Parylene polymers are deposited from the vapor phase by a process in which all sides of an object to be encapsulated are uniformly impinged by the gaseous monomer at pressures at around 10 to 30 mTorr (Millitorr).
The ultra-thin Parylene film is formed by the pyrolysis of a di-p-xylene (dimer) in a vacuum environment which is then deposited on a cooler (i.e. room temperature) substrate inside the deposition chamber while under continuous vacuum.
The three-phase vapor deposition of Parylene polymer allows it to be formed as a structurally continuous film which is truly conformal to the design and structure of the substrate upon which it is being deposited.
Parylene can be effectively deposited with excellent accuracy in thickness over a range from 0.2 µm (microns) to well over 8 mils.
The Dimer is added to the Vaporizer and is heated to 75-250 degrees Celsius depending on application and Parylene type. The dimer turns from a powder into a vapor.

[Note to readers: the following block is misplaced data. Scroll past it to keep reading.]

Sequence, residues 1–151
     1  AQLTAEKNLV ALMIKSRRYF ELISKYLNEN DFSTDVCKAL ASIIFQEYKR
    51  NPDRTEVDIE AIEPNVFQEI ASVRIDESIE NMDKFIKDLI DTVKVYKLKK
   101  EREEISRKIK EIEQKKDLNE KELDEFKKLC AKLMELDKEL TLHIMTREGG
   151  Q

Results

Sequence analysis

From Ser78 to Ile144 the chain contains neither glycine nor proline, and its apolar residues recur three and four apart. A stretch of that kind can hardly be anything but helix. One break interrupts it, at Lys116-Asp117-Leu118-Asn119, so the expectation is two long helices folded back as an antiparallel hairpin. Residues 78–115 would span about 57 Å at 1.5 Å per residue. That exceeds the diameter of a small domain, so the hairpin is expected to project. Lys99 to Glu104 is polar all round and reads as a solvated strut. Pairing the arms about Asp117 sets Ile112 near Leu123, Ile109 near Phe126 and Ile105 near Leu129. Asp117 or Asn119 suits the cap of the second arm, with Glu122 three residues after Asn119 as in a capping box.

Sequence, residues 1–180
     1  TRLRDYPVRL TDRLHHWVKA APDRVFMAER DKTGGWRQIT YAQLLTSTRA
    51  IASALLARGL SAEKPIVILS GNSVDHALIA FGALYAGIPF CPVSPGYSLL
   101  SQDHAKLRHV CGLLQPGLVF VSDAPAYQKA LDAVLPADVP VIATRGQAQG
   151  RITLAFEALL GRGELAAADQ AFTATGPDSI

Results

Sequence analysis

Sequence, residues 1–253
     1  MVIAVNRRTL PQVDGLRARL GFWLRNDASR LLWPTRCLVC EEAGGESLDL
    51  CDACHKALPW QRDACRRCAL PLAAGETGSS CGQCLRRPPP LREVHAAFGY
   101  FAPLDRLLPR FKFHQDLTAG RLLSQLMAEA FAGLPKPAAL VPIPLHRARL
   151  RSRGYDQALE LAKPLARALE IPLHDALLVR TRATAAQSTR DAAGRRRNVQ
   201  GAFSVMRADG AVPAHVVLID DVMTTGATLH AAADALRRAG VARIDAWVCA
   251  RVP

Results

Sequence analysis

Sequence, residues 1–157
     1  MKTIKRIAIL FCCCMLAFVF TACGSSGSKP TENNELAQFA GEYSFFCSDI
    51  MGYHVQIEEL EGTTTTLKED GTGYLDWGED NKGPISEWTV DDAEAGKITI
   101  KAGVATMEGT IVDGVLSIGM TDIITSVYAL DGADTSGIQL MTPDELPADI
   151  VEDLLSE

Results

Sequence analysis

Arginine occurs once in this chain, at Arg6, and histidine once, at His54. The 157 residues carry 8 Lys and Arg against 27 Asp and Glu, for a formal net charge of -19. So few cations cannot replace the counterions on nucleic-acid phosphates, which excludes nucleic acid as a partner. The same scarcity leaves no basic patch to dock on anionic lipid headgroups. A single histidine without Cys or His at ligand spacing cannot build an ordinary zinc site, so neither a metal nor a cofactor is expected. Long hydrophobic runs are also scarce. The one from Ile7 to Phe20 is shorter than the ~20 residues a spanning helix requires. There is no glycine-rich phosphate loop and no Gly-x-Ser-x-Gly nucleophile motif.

The Dimer is heated up further in the furnace at 600 – 700 degrees Celsius and becomes a monomer.
Dimer turns into a polymer that adheres evenly as transparent Parylene film to the components inside the coating chamber at ambient temperature.
The Cold Trap collects and condenses excess monomer from vacuum chamber and the Vacuum Pump maintains constant vacuum throughout the process.
The Parylene coating process does not include any liquid phase and there is no traditional curing time involved.
Our parylene coating experts know that, while "the science side" of the deposition process is important, there is a necessary artistic touch that's just as crucial. Here's a quick look!
Advanced Coating has decades of Parylene coating experience and can design an ultra-thin protective coating that meets your unique specifications. Let us guide you through the process to ensure your 100% satisfaction.